Additionally, groups like Lashkar-e-Taiba (LeT) and Sipah-e-Sihaba Pakistan (SSP) continue to operate openly despite being nominally banned. Indeed, locals I have spoken with in Kurram agency blame Pakistani intelligence for bringing the Sunnis against the Shi’a there, simply to show the world that Pakistan is heading towards de-stabilization and only U.S. and international support can save the society from becoming radical (not to mention the benefit accrued by the Haqqani network, who now have space to operate if their North Waziristan sanctuary is compromised). And a brief look at some of the militants operating in Pakistan currently raises questions about how they have been able to implant themselves and continue operating.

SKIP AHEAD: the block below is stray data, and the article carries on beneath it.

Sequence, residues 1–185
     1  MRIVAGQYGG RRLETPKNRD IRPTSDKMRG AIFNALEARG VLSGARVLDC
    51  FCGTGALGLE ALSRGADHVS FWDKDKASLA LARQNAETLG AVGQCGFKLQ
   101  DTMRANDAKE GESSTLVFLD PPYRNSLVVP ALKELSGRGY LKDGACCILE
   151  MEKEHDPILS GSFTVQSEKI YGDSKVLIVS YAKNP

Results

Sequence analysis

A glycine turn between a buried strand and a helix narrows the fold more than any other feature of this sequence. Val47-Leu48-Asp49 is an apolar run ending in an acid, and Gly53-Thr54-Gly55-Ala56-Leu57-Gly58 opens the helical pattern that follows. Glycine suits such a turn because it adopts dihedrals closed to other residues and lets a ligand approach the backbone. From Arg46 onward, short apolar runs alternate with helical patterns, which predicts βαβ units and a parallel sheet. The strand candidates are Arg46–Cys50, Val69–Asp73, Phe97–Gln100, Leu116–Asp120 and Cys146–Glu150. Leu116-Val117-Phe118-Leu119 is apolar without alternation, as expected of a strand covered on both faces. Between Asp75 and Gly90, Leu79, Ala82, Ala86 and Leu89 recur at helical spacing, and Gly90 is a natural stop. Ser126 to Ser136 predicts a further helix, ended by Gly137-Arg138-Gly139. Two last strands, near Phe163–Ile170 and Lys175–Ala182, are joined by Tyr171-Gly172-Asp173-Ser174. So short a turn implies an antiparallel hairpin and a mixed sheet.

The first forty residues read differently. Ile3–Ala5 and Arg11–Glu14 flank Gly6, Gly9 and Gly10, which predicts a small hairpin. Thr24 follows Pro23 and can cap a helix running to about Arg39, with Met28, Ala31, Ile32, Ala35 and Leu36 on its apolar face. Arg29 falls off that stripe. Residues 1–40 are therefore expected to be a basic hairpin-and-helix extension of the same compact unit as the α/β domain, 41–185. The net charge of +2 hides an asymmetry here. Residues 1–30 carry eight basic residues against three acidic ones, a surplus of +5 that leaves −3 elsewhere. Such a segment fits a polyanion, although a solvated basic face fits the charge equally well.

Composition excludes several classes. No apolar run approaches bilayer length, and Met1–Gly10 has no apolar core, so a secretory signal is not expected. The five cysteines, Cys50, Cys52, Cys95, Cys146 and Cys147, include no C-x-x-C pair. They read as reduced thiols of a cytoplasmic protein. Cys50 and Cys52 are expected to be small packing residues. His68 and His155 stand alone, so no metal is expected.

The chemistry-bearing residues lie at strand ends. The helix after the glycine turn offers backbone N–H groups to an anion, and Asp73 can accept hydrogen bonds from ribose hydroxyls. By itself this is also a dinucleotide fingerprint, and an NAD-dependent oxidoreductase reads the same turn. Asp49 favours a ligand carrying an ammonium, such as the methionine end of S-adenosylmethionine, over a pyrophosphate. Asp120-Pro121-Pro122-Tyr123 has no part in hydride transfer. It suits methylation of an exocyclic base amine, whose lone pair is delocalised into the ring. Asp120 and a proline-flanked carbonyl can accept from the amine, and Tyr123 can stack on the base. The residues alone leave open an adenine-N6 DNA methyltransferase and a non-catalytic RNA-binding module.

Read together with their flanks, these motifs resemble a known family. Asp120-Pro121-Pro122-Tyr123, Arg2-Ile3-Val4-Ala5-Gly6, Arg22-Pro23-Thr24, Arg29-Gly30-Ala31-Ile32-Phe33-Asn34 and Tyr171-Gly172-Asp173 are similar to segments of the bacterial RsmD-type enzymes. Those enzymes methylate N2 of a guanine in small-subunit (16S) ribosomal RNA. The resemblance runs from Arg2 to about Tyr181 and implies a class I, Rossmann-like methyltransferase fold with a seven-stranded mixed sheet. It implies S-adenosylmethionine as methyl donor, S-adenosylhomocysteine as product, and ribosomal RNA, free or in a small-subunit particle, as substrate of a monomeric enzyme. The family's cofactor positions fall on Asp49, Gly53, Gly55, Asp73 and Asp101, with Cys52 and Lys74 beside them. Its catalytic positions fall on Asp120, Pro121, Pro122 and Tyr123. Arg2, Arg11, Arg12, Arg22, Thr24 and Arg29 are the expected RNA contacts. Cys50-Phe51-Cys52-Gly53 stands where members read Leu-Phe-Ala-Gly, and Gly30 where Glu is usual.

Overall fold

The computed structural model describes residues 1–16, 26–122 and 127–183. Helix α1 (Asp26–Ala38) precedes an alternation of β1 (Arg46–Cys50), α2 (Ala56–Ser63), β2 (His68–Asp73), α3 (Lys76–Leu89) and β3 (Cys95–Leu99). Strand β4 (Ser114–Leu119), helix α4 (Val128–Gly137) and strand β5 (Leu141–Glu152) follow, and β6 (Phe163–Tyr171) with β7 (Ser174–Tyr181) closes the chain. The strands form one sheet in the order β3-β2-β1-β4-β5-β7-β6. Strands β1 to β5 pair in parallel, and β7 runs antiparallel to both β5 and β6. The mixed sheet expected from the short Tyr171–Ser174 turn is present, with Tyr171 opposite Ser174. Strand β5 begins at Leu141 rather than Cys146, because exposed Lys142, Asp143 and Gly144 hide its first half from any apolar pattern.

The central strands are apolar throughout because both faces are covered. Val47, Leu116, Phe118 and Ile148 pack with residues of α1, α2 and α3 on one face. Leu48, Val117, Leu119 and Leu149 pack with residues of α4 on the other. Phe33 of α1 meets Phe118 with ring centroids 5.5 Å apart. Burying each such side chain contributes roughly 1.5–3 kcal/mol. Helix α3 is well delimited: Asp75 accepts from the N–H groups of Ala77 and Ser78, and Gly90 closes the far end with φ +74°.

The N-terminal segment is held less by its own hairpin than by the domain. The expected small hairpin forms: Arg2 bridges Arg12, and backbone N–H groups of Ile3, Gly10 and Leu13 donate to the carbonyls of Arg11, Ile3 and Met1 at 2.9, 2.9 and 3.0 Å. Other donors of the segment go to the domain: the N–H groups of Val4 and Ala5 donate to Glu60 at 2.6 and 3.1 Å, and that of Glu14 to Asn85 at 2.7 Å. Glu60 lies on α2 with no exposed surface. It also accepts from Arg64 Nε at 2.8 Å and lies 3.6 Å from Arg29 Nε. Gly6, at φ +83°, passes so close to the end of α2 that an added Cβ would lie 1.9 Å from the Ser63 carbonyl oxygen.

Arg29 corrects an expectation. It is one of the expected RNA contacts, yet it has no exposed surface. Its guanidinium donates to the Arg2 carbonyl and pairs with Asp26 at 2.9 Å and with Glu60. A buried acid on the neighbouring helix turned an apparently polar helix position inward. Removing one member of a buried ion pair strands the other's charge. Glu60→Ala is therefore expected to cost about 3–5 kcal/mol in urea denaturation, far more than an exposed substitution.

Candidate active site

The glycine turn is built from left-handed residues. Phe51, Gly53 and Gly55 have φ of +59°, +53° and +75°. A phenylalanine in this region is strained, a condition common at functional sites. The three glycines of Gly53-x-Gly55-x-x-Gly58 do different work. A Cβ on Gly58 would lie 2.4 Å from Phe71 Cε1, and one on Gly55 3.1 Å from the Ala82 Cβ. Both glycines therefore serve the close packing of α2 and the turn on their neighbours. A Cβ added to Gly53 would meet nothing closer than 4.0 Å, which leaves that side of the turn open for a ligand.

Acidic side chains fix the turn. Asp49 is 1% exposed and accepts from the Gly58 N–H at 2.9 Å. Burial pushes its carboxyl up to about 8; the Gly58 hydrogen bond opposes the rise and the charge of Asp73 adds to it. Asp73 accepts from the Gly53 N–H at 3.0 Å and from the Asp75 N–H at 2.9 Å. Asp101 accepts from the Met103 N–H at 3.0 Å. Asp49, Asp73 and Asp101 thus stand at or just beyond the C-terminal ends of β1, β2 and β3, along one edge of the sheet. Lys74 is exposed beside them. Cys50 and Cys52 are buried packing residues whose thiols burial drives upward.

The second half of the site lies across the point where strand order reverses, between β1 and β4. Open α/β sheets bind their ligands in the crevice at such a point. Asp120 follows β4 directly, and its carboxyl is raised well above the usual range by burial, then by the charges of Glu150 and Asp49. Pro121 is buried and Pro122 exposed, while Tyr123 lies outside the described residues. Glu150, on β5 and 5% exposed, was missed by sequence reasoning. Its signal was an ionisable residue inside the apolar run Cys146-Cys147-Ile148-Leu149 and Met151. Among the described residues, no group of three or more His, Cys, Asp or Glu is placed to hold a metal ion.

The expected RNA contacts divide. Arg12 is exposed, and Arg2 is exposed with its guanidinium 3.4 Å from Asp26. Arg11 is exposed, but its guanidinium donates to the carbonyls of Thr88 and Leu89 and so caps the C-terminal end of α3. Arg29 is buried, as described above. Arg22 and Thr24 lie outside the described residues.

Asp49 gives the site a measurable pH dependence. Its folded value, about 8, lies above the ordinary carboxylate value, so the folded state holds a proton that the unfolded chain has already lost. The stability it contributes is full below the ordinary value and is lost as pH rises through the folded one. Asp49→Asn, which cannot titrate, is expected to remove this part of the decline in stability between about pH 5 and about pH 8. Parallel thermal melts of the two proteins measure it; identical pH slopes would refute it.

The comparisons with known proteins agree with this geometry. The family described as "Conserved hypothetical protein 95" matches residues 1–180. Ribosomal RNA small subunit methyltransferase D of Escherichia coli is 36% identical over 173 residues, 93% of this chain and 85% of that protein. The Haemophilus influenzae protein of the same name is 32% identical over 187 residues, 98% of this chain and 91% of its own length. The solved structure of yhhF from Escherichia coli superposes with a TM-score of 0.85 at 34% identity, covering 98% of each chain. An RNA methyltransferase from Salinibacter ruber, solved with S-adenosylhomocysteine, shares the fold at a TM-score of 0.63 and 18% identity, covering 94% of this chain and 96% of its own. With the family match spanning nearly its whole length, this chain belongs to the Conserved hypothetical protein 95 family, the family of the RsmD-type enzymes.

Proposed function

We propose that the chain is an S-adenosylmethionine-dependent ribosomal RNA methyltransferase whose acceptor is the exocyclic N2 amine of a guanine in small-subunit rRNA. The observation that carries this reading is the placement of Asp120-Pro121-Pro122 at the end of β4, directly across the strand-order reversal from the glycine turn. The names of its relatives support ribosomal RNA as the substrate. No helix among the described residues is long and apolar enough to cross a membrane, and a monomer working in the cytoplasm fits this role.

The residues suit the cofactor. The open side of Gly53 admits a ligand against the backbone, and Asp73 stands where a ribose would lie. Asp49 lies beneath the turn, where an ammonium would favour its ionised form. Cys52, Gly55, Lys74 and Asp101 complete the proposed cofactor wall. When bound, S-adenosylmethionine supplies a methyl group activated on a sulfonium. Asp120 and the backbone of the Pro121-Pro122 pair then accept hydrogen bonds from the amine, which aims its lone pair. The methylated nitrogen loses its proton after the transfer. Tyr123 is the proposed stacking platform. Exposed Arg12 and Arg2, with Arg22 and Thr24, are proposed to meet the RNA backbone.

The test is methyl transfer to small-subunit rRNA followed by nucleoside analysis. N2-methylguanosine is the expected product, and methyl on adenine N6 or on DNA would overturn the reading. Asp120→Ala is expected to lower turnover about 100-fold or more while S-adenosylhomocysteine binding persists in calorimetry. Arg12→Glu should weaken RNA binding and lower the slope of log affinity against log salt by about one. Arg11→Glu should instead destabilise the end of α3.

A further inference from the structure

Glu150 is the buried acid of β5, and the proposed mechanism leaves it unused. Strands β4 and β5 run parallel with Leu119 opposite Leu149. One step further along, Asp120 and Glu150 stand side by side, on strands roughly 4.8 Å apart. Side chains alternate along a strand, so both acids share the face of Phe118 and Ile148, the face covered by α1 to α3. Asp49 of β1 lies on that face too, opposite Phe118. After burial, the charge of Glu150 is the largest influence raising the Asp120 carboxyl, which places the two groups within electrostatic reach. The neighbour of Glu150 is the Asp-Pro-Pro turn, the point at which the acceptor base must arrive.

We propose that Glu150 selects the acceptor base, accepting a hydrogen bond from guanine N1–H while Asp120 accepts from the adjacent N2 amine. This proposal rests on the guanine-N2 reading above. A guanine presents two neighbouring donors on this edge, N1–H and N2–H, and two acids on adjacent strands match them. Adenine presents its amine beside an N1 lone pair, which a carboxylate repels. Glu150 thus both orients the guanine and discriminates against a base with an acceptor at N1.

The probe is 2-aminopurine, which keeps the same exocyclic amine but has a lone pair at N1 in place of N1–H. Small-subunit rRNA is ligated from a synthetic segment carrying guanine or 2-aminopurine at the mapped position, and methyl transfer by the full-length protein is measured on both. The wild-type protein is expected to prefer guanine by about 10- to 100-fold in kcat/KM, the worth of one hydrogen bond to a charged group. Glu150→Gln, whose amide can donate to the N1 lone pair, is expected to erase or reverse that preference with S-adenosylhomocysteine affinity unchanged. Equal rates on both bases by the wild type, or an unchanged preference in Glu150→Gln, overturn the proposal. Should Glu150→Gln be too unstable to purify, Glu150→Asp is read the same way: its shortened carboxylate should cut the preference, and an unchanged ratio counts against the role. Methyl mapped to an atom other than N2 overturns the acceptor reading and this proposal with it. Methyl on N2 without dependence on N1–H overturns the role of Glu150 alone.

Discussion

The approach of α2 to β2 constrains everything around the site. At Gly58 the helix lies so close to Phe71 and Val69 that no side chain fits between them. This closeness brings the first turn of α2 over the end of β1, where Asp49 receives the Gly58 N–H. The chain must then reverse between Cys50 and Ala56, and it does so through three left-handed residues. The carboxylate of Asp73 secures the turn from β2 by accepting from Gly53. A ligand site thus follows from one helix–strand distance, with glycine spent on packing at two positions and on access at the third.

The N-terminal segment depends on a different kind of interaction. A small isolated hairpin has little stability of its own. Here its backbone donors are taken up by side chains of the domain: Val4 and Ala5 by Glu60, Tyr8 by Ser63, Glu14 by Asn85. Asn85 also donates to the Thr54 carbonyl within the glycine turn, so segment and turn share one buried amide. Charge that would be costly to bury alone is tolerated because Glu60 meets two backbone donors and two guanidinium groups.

For instance, is it believable that Khyber agency-based militant and former bus driver Mangal Bagh, a warlord with no more than 500 volunteers, can operate just 15 kilometers away from Pakistan’s 11 Corps headquarters in the town of Bara, kidnapping people from Peshawar and other parts of the country, attacking powerful tribal elders, ministers, and journalists from Khyber agency, attacking NATO supply convoys, and carrying out public attacks and executions? Maulana Fazlullah, a leading warlord in the Swat Valley, a man who was once a chair-lift operator on the Swat River, became the most powerful commander in the area in a span of two years, with little government opposition. When the military conducted an operation in Swat upon the request of the secular Pashtun nationalist Awami National Party (ANP) government in Khyber-Puktunkhwa, Fazlullah somehow managed to break a cordon of 20,000 soldiers backed by helicopters and jets to escape. And in Bajaur, Taliban commander Faqir Muhammad’s forces were “cleared” in 2008, but though hundreds of thousands of locals were displaced, their houses destroyed, their crops burnt and their cattle killed, Faqir Muhammad continues to leave peacefully in the agency.